The full NEC election results showed 506,320 eligible members casting 164,580 votes (118,594 by email and 45,986 by post) with 1,131 invalid or blank, giving 163,449 valid votes and a turnout of 32.5%.
The End Is Nigh
As I walked up from Victoria station to party HQ for the last time, my primary emotion was relief rather than loss, reinforced when I emerged some nine hours later. Alice Perry’s new baby daughter Rosemary slept peacefully for most of the time, though the rest of us were rather more fractious. Even so, several key areas were postponed to the meeting at 6:30 p.m. on Saturday, which at this rate will run till midnight. They include all the amendments submitted in 2017, plus reselection of MPs and leadership elections, so four more days of being deluged with Momentum’s demands. One per cent of members are swamping all other personal, work and constituency messages, so apologies if earlier messages have been buried in the avalanche.
We started off well enough. Jeremy Corbyn had attended Tolpuddle and the Durham Miners Gala and stressed their historic and current resonance. He had campaigned in 24 constituencies and outlined Labour’s strategy on media ownership at the Edinburgh TV festival. Labour was planning for government after a general election, including the operational aspects of taking power, and policy priorities for the first Queen’s speech. He thanked Labour MEPs for condemning the actions of Viktor Orban, the far-right Hungarian leader. On Brexit, Labour would not accept no deal, nor a bad deal which did not meet Keir Starmer’s six tests.
Annual conference would send the message that Labour will not walk by on the other side. The international focus would be on human rights, not cosying up to Saudi, and he hoped the debate on party democracy would be conducted in a decent and friendly way. A national campaign day on 29 September would be followed by black history month in October, an opportunity to repeat that Labour would not tolerate racism or anti-semitism in any form. Keith Vaz thanked Diane Abbott for scrapping the salary threshold for would-be immigrants, and called for more campaigning among EU citizens living in the UK.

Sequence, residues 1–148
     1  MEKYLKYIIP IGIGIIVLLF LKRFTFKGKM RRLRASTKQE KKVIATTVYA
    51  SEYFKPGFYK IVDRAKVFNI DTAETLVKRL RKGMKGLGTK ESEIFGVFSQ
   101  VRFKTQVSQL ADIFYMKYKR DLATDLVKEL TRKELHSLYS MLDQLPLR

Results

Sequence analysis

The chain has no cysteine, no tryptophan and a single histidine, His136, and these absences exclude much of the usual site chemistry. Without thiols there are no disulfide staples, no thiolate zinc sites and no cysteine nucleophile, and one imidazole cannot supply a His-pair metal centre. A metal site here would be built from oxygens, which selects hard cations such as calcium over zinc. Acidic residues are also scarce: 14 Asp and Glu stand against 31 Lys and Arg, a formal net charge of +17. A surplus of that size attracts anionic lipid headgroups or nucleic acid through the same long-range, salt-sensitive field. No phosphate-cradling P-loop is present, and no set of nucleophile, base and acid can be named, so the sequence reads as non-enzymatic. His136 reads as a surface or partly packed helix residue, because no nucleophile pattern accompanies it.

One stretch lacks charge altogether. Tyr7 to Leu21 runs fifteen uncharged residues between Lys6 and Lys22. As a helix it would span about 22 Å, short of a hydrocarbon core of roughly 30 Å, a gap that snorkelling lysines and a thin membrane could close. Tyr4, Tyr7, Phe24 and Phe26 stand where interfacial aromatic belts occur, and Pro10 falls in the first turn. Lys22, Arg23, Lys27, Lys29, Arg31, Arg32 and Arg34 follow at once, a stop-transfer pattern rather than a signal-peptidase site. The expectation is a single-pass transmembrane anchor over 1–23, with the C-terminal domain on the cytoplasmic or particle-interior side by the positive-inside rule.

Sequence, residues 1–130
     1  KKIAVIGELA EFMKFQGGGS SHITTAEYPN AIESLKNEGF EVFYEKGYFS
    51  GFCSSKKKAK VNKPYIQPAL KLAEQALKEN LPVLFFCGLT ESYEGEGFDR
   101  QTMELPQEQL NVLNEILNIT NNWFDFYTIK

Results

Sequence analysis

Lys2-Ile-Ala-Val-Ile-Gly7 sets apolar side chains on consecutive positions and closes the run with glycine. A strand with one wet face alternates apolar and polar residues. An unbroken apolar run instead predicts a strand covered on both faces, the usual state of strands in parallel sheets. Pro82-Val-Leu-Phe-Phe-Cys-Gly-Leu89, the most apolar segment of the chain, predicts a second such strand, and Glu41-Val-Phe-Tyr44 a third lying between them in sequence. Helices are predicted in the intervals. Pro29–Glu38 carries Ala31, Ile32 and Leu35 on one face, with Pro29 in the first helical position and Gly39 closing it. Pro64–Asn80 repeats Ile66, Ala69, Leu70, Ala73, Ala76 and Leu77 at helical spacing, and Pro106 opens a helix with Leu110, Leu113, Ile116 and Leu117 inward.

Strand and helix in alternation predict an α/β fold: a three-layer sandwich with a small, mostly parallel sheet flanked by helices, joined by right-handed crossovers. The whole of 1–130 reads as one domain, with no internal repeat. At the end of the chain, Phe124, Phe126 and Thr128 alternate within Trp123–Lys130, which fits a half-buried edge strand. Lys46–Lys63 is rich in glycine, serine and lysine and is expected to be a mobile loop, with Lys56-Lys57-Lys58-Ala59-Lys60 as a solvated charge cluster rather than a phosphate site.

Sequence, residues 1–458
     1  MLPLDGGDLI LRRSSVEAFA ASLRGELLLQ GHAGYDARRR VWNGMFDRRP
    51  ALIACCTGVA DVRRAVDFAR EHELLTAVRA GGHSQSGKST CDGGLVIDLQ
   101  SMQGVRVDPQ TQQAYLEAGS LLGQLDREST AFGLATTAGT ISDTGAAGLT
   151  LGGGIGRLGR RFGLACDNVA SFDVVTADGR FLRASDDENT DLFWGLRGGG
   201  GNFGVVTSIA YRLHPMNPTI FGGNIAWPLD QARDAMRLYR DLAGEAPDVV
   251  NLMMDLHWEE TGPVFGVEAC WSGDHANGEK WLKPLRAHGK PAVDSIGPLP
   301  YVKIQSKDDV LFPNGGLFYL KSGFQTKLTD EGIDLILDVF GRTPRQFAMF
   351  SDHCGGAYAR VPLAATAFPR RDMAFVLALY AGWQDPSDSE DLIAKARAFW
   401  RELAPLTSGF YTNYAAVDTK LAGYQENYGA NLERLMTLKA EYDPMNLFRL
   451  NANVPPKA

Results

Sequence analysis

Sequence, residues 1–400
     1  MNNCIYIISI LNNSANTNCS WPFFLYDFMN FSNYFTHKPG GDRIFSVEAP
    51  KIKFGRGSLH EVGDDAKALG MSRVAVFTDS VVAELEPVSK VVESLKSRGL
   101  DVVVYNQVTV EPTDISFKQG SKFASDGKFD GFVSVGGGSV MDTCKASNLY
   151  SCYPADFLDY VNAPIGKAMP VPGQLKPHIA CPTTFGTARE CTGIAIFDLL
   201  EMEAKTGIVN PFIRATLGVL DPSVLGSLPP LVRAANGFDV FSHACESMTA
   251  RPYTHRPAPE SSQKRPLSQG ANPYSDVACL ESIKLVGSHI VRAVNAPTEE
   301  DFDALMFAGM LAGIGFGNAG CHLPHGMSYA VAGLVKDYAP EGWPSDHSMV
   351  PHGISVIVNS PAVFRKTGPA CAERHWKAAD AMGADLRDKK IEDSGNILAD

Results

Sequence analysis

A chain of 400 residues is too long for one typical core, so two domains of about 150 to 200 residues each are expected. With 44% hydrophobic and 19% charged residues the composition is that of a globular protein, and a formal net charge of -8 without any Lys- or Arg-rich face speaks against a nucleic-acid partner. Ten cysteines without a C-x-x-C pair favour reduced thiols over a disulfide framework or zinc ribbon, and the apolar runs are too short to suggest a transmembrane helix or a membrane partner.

Deputy Leader’s Report
Tom Watson thanked his shadow cabinet colleagues for promoting positive policies, and Jeremy Corbyn for endorsing his #nospaceforhate hashtag after he was engulfed in a Twitterstorm. This had restored confidence among the parliamentary party. Like Jeremy he had been speaking on media issues and also raising the profile of type 2 diabetes, which constitutes 90% of the 3.7 million cases of diabetes in the UK This already costs the NHS £10 billion a year, with numbers forecast to triple in the next 20 years, though half of those diagnosed can reverse the condition through diet and exercise. NEC members stressed that type 1 diabetes is completely different, not the result of an unhealthy lifestyle, and not reversible.
Local Government Report
Nick Forbes reported that five of the ten Labour councillors who chair Local Government Association policy boards are women and five are from ethnic minorities. Analysis of local government funding showed a massive and growing financial deficit, and the Tories were taking an interest now that some of their councils, including Northamptonshire, were facing problems. The LGA was developing its own policies on adult social care, because failure to deal with the crisis would have catastrophic effects on the NHS. The unions stressed the need to work closely with Labour councillors and MPs in challenging times.
Richard Corbett said that Brexit overshadowed all else, and he thanked the frontbench for continuing to oppose any deal which did not meet Labour’s criteria. Many local parties were calling for a people’s vote on the final outcome, and he hoped that conference would debate how to move forward together rather than engage in internal battles. Jo Greening gave the international report, highlighting the election results in Sweden. The social democrats were the largest party, though without a majority, but the rise of the anti-immigrant Swedish democrats was disturbing, mirroring far-right movements elsewhere in Europe.